Tag Archives: solutions

(1286) Repurposing an entire landscape


Golf courses, we’re looking at you.  Free mall?  Can we have two?   This is where the housing will go, where the missing middle will be found.
Positively 23rd Street (podcast)
npr.org
Dead golf courses are the new NIMBY battlefield. As the sport’s popularity wanes, vast amounts of under utilized land will be opened up. Can it be developed?
citylab.com
Landlords are practically giving malls away
bloomberg.com

(1274) Words from Ontario basic income trial


Ontario’s basic income pilot has begun to produce some observations and anecdotes.  A thorough, high level analysis will need to be done at the conclusion of the three-year, three-community trial but expectations are high.  The pilot project is not quite a full-on basic income, more of a test apparatus designed to gather evidence of what actually happens in the lives of a recipient.
Yes, there is still a fair bit of naysaying and skepticism out there.  Some of it from surprising directions like a major anti-poverty activist here in Ontario and from union figures.  Another hurdle may be the upcoming provincial election.  All kinds of right wing critters and neoliberal reactionaries are looking for power, for gravy trains to stop, as it were.  The pilot project may be an early target in the election and for whoever gets into the premier’s office.  In the meantime, words from the participants are appropriate.
From ‘barely surviving’ to thriving: Ontario basic income recipients report less stress, better health. The three-year pilot project, which began last summer, is testing whether no-strings-attached cash support can boost health, education and housing for people living in poverty
thestar.com
image: Hefin Owen via Flickr/CC

(1230) Tax havens & CASW statement on uBIG

This week we were reminded that the federal Liberal party’s bag men are no strangers to the benefits of stashing one’s money overseas.  Hey, even Her Majesty Queen Elizabeth II has a couple hundred pounds in that fancy hat.  Attention for the matter of how Canada’s elites array their money has, unfortunately, proved fleeting.
Also predictably disappointing was a near total lack of media interest in a statement from a professional body of Canadian social workers in favour of recent official interest in basic income.  Like other observers, the social workers have come to find Canada’s approach to the costly presence of poverty here less than effective.  Along with the experience of doctors and nurses, the knowledge of social workers has to be considered with high seriousness in this area.  Money stashed overseas in tax havens would seem to at least hint at the ability of this society to afford social policies that would eradicate poverty.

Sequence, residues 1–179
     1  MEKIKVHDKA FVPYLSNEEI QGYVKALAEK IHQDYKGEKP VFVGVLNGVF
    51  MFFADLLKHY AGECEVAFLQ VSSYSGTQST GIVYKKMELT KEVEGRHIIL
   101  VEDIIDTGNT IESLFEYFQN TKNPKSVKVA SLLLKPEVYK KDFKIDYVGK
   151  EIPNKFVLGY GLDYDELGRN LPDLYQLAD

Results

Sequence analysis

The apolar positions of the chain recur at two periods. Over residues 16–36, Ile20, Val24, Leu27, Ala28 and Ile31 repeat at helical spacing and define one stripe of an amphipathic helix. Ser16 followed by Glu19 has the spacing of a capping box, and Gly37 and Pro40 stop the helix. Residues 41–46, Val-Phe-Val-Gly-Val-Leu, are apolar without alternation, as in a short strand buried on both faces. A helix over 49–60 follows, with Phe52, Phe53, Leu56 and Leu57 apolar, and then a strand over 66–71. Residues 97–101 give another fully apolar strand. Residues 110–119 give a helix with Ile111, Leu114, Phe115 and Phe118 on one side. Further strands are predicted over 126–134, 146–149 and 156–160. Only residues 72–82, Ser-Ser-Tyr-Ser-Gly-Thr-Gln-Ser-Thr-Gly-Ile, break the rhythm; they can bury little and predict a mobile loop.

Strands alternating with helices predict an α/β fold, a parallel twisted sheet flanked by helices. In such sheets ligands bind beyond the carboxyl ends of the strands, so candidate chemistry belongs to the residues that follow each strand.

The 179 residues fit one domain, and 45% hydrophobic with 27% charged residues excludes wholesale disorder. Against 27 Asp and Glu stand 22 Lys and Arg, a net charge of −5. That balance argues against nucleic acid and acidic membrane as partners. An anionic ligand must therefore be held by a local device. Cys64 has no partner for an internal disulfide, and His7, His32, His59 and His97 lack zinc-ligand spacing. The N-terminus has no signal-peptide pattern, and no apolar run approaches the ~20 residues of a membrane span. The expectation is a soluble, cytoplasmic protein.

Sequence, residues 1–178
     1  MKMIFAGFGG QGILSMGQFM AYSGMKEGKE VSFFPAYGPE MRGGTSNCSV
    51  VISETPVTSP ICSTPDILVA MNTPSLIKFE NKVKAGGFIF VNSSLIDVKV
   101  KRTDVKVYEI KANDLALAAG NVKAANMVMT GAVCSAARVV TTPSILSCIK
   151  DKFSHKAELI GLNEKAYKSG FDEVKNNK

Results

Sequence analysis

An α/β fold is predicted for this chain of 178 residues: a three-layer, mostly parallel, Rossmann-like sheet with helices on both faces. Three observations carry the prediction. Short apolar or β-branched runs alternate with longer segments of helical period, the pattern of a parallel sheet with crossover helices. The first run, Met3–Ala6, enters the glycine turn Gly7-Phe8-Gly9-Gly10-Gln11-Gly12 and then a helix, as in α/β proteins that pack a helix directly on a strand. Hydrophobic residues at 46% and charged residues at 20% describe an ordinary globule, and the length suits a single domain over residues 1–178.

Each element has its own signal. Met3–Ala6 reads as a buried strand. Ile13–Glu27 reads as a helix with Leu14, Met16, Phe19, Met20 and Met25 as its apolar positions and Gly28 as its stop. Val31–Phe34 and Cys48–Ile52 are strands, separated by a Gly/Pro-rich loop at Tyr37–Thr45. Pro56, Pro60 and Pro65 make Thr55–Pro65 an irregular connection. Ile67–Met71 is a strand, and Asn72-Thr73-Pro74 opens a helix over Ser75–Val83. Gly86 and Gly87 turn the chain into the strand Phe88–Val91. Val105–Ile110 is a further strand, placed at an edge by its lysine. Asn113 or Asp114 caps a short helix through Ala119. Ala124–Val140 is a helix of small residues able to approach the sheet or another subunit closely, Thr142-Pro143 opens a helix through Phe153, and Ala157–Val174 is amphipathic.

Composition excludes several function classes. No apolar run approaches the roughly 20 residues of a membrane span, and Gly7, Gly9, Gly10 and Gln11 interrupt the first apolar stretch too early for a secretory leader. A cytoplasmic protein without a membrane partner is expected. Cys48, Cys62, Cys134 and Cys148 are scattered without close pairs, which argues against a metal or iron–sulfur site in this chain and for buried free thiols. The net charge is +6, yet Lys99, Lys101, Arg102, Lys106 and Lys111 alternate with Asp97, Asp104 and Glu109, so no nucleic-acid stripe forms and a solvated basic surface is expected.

From safety net to stable foundation: CASW recommends a universal basic income
casw-acts.ca (with links to 2014 & 2015 papers on inequality that consider UBI)
Paradise Papers underscore need for tax justice
rabble.ca
Queen Elizabeth II has $13M in investments in offshore tax havens: documents
global.ca
How will governments solve the tax haven riddle? Offshore tax havens cost us all billions, but cracking down on them is like a game of whack-a-mole, writes the Star’s Marco Chown Oved in an analysis following the Paradise Papers leak
thestar.com

(1220) Ontario basic income challenges


Ontario’s basic income pilot program moves forward and real world details accumulate about it.  This is the hard work part, turning a theoretical schema into a reality.
Again, with variations of this hideous term ‘free money’ which The Star ought to know better than to use because it is so biased towards the right leaning critique of basic income.
Handing out money for free harder than it looks. Ontario began issuing basic income cheques in July, but reaching eligible participants has been a challenge
thestar.com

(1213) CNU report highlights transportation woes for suburban poor

Congress for the New Urbanism has produced a report on the spatial hardship of living in sprawl.  Lower income people often find themselves pushed outward to places where transportation drains their resources when it comes to community participation, shopping, access to employment or public services.  CNU should be commended for adding greater depth to their general critique of placemaking with this document.  Seattle/Tacoma is the focus of the report but it’s general assumptions are applicable beyond there.
Why we should take suburban poverty seriously
cnu.org
image: Joe A Kunzler via Flickr/CC